Saturday, August 7, 2010


It is late in the day now and will be dark soon, but I want to swing back once more through the old summer places. And this can be done fast now on the interstate from Littleton to Franconia, where we get the road for Sugar Hill. We turn off to go up Davis Road, up again past White Wings and the Farm House and what had been the caretaker’s cottage, which after Mrs. Gilman’s death had been purchased by one of the many Mallory’s. And past the site of the Playhouse, which was above the Farm House and below the House on the Hill. The hill that now seemed to have a hanging tree. This time I turn into a narrow dirt driveway that starts on the other side of Davis Road from the Farm House. Old guard people don’t want to go down this long twisting drive because something unsavory is now at the end, though it is the same long driveway though the now high White Pine woods that Nana and Gaga planted. It is still so narrow that it seems like a good idea to honk in case someone was coming the other direction, though I do not honk now. This driveway had seemed to go on forever when the summer was beginning, with anticipation mounting till coming out at White Pines, stately and firm, stone and white clapboard, appeared. Gaga and Nana, who would have heard the honking, and would be out in front to greet us.

When I was in college, a few years after Gaga’s death, White Pines was sold to a rough youngish man that everyone hated, a rich man people somehow knew had been bribed by his family in Boston to stay far away from them. He had been married for a time to a local girl. Everyone said he abused her. And of course he had ruined the place. He was out to make money on it, so he divided the big house into apartments. And he let it go to seed so badly that now it needed paint and had an emergency tin roof where there should have been wooden shingles. And out the back, on the lawn above the wild blueberry field and beneath the panorama of the Franconia Range, the place Gaga had been wheeled out to each day after his stroke, the place with white benches and white bird baths and some white trellises, this new owner had done the unthinkable. He had put in a swimming pool. Something the wrong sort to people did, though there was one house on the way to Littleton that was inhabited by a big summer clan with close tiles to the Franconia and Sugar Hill summer clans, and they had a swimming pool, but they had had to do it because they were so rich, and anyway the other summer people vouched for their pedigree.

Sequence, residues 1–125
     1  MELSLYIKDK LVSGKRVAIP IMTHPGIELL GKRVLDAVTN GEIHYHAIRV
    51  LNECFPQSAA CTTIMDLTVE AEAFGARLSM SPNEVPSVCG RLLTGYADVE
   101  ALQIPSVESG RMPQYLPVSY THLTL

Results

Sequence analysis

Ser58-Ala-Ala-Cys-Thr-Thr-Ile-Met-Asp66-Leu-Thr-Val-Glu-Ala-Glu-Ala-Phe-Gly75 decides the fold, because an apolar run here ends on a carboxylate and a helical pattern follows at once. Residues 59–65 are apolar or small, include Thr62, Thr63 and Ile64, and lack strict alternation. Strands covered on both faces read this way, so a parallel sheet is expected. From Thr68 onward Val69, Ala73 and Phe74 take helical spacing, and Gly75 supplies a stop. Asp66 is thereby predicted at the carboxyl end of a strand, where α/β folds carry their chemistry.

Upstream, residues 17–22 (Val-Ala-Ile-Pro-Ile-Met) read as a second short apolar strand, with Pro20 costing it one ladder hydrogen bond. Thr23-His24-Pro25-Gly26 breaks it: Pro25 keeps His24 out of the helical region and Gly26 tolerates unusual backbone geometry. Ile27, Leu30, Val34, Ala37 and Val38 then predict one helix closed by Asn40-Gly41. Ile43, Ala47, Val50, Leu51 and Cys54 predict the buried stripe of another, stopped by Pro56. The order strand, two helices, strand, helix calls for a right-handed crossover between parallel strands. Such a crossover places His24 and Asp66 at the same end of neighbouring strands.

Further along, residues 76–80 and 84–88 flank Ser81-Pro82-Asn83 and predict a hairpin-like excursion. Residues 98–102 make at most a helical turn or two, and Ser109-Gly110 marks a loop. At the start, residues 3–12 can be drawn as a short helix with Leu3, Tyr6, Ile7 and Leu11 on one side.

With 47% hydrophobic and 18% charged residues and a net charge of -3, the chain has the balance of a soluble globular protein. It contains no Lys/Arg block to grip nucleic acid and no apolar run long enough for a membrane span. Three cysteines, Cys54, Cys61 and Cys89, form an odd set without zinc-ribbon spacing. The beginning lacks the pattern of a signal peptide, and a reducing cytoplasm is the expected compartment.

I do not honk, though I know this is taking a chance. I am using the headlights, for we are in twilight when I turn down the twisting drive and it is as dark as night under the pine trees. It is nearly that dark when we come out at the open area in front of White Pines. There used to be a circular drive here with a perfectly round lawn in the middle, but the owner has turned the lawn into a parking lot. On the end of the parking lot opposite to White Pines construction had begun on a rental house Stevenson was inserting here. In the dim light I was almost seeing the place before it has begun going to seed.

Quietly we talk around the house towards the mountain view, the now swimming pool, side. We pass what had been my grandfather’s study, a separate place with stacks of wood outside it for his Franklin stove. The Franklin stove has been by a circular iron stairway that let up through a trap door to his sleeping porch, where he could retreat if he saw someone coming to White Pines he did not want to see.

The big screen porch seems still intact, on a level below the house. We walk around to the screen porch. I wonder if the furniture is still white wicker, and what happened to a high indoor swing for children, and the skiing mural done on the blue inner wall by a dashing friend of Aunt Betsy’s when she was a teenager. I hear low voices. I see a glow beyond the screen which may be from candlelight. I hear ice clicking in what are surely standard highball glasses. So people from the apartments are out there having drinks. Time collapses again. I am a ghost passing through again. But I am not completely invisible, for in a raspy female smoker’s voice come the words “Who’s there?’

We retreat silently to the car.

On the way back to Vermont I tell her something I know but wished I didn’t. When we had our driver’s licenses kids from our gang – not me, not my brother, but kids from our circle
would drive over to the Notch and go into the souvenir stores for the Tramway and the Flume and Profile Lake, and pretend they were Jewish. They told us how they would finger the goods saying something that sounded like “Phee-yops” which was supposed to be something greedy Jews would say while fingering merchandise. And after that they would drive through Bethlehem and shout “Kike.’

Gillian says, “The kid’s from Bethlehem should have driven through Sugar Hill shouting things like ‘Your grandmother overcooks the vegetables.’”

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